Sensational wines in Sonoma, plus WestJet goes Disney


SONOMA, CALIFORNIA – It started out weak, but ended strong.

I was in Sonoma County, California the other day for a far-too-brief visit to the town of Sonoma and then to check out a couple wineries.

After a short stop for lunch at a bakery/sandwich place in the pretty town of Sonoma, with its old-time square and sturdy City Hall, we headed up the road to check out the Eric Ross Winery.Sonoma-Downtown2

Of course, I was driving my Dad’s new Hyundai and the GPS took us on the most circuitous route imaginable; up and over steep hills and through canyons lined with live oak and deep brown grasses, there being almost no rain out here in months. We finally made it to the winery, only to find there was a post-Thanksgiving tour going on as part of a Sonoma-wide promotion. The noise inside was deafening and we could hardly hear a thing. They took pity on us and moved us into a small room and had two workers pour us some samples. They were very sweet, but didn’t know much about the wines or the varieties or where they grown, which is part of the fun of wine-tasting.

We left and decided to avoid any place that had the promotion/tour going on. Luckily, the previous night I had googled “prettiest wineries in Sonoma” and had come up with a place called Matanzas Creek (see photo at top).

It sits on top of a hill in Bennett Canyon, which I had never visited, and has lovely views of the rolling hills. They also have a huge field of lavender out front that is aromatic and beautiful. The wines were lovely; affordable Sauvignon Blanc and tasty Merlot, Chardonnay and Syrah.

There’s a great shop attached with lots of lavender products, but it’s not a tourist trap and the workers, especially Judy, seemed to know their stuff. Very cool.

IMG_7244There are some picnic trees and a bench or two outside under some wonderfully gnarly old trees, and the trees on the property were a lovely shade of gold and red this past weekend. It was gorgeous, notwithstanding the local drought that has left the hills baked and brown and not nearly as pretty as they are in spring, when northern California’s green, rolling hills could almost be a stand-in for Ireland.

Judy told me they do an event every year where there’s wine tasting, massages and lavender, which has a calming effect on the brain. Can you imagine a massage with aromatic lavender all around you after tasting some great California wine? You’d sleep for a week!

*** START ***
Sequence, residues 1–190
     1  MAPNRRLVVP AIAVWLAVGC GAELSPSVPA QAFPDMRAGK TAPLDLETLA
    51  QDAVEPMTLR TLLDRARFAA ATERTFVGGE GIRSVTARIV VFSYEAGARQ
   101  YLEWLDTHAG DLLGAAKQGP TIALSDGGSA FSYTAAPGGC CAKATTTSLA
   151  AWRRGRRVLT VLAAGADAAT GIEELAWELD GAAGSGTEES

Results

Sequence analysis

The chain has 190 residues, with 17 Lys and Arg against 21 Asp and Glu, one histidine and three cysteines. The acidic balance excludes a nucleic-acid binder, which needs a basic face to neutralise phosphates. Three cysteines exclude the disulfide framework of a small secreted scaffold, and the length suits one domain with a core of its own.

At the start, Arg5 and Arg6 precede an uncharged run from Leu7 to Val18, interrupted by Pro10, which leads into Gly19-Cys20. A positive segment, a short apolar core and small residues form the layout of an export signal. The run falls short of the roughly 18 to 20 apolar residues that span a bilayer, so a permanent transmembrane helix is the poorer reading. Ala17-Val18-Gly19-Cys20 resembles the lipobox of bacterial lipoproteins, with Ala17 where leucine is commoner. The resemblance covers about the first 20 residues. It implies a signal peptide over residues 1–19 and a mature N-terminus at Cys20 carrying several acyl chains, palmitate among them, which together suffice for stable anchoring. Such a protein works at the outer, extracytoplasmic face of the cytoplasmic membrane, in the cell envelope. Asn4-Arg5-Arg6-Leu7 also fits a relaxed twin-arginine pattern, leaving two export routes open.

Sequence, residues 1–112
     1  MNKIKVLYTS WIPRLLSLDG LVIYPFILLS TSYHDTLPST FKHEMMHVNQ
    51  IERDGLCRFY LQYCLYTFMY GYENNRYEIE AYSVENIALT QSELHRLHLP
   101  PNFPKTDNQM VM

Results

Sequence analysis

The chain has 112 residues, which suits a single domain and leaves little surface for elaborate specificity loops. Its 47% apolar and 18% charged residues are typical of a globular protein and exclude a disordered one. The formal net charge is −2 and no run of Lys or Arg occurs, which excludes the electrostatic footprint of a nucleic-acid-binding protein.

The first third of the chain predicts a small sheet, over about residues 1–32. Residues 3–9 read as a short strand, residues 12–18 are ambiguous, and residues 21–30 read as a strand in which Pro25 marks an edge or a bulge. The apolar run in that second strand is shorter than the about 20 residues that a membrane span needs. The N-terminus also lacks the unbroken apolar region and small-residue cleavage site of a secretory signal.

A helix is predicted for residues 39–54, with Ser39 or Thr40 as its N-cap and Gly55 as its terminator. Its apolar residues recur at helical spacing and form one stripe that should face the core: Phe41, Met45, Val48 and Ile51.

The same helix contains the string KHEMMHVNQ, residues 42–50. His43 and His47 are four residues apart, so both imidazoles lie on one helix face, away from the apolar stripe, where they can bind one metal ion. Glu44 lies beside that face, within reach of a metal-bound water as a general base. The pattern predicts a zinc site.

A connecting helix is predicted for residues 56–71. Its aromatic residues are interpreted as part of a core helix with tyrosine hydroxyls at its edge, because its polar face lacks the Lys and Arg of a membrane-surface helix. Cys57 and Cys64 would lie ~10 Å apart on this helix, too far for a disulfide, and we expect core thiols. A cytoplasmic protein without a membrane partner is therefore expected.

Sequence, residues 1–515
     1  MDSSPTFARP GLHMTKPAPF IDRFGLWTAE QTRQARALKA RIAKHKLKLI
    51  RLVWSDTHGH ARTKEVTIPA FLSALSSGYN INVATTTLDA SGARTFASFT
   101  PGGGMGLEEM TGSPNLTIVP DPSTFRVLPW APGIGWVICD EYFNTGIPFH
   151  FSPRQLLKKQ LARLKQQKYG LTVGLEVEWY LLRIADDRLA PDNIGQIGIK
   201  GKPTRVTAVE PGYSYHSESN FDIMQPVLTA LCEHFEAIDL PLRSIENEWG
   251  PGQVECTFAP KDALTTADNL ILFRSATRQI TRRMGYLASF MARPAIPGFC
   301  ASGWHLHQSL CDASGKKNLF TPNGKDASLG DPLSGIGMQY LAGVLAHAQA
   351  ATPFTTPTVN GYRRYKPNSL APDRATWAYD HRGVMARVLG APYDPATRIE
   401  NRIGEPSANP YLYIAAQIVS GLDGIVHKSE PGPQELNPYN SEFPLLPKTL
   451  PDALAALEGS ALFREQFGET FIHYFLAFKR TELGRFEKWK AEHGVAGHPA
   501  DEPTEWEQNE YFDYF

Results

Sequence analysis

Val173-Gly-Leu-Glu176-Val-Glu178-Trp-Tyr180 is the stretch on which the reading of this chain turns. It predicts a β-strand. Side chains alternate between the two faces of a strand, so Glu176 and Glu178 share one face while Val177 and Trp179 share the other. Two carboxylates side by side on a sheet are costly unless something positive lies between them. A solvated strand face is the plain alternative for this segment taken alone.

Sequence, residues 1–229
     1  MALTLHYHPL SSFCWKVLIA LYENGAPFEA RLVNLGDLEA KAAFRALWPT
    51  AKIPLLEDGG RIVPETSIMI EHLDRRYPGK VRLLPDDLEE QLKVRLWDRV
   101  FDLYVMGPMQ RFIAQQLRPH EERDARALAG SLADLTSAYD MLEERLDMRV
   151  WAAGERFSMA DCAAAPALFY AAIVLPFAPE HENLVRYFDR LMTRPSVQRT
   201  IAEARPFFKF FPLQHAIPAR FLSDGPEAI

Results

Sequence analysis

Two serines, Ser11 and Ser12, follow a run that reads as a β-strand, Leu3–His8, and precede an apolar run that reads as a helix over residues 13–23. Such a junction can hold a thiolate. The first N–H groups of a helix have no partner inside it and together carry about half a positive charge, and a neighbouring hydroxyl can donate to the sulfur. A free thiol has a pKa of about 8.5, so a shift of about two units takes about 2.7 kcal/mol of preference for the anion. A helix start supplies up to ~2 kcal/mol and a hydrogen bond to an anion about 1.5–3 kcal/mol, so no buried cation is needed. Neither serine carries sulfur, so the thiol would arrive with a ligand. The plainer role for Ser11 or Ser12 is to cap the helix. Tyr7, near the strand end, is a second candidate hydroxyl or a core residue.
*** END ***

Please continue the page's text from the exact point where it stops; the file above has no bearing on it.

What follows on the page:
Anyway, following Matanzas we drove through Bennett Canyon and had a lovely drive back to Highway 12 (the GPS got it right this time) and stopped at Chateau St. Jean. It’s a faux French castle like something out of the Loire, with pretty, formal gardens dotted with tangerine trees and even a small boules court. The wine was pretty good but, I thought, overpriced.

Most of the wineries now charge folks $10 or $15 to taste four or five samples. The nicer workers will add some extra tastings if you know your stuff or ask politely, and more often than not your tasting fee is refunded if you buy a bottle.

We got lucky at Chateau St. Jean as a young woman from San Francisco who was next to me at the tasting bar had just taken out a club membership for frequent deliveries. That entitled her to four free tastings, so she gave me two.

We made it to Kunde Estate just down the road about 15 minutes prior to closing and just loved the place. They have a pretty fountain outside and lovely grounds, plus great wines. The Chardonnay and Sauvignon Blancs were both excellent, and sold for $18 and $17, respectively; very reasonable.IMG_7287

I loved the Merlot, which has a splash of Petite Sirah in it for extra oomph, and the Zinfandel; which is rich and full-bodied and zippy without being too sweet like some Zin’s. And Kat is a lovely server; very fun and friendly.

It’s a family place that’s now in its fourth generation of winemakers, having been established in 1904. They’ve got a lot of wine paraphernalia and also a great collection of hats you can buy.

Kunde has 1,850 contiguous acres of property; apparently the largest such configuration in Sonoma. They also have seven microclimates, five ecosystems and seven lakes, so they can produce a wide variety of wines in different styles.

A great, great place. As is almost all of Sonoma. Napa (which I’ll talk about later this week, probably Friday) has the bigger name, but Sonoma is just as pretty and considerably more diverse in terms of geography, as it encompasses the beautiful Northern California coast as well as inland valleys.


The good-time folks at WestJet have hooked up with Disney Parks and have painted one of their planes with the likeness of Mickey Mouse as the Sorcerer in the movie “Fantasia.”

mickeyIt’s said the custom paint job on what’s being called the “Magic Plane” took a crew of 26 people a full 24 days to do.

Customers using the plane also will notice special designs in the cabin and, I hear, Disney-shaped cookies on board.

They flew kids from the Boys and Girls Clubs of Calgary and chaperones down to Walt Disney World in Orlando today for a 3-day extravaganza.

“Bringing this vision to life has been a true collaboration between our companies and it’s so exciting to see the final result — the aircraft is absolutely beautiful,” said Marlie Morrison, Managing Director, Marketing & Sales, The Walt Disney Company (Canada) Ltd. “WestJetters are the first point of contact for many of our Walt Disney Worldguests embarking on their memorable family vacation.”

“With the Magic Plane, we are soaring to new heights, offering guests of all ages the chance to share the skies with one of the world’s most beloved and iconic figures,” said Gregg Saretsky, WestJet President and CEO. “We also look forward to having fun with our guests on the ground as they see the Magic Plane flying over their communities and at airports across our expanding network.”



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